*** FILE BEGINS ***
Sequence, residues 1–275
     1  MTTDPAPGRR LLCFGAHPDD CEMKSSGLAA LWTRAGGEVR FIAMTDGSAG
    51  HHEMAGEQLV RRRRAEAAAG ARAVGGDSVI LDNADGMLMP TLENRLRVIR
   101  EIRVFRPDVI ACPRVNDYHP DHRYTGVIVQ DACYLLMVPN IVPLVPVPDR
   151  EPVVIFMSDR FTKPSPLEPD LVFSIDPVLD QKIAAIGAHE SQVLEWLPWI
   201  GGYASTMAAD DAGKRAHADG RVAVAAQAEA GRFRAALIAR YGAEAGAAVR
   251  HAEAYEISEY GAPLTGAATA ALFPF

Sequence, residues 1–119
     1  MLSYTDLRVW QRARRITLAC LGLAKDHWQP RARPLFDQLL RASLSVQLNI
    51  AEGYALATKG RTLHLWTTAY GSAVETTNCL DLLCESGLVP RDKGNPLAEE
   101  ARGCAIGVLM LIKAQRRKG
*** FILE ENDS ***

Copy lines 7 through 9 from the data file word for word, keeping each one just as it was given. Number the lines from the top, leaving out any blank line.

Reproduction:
   251  HAEAYEISEY GAPLTGAATA ALFPF

Sequence, residues 1–119
     1  MLSYTDLRVW QRARRITLAC LGLAKDHWQP RARPLFDQLL RASLSVQLNI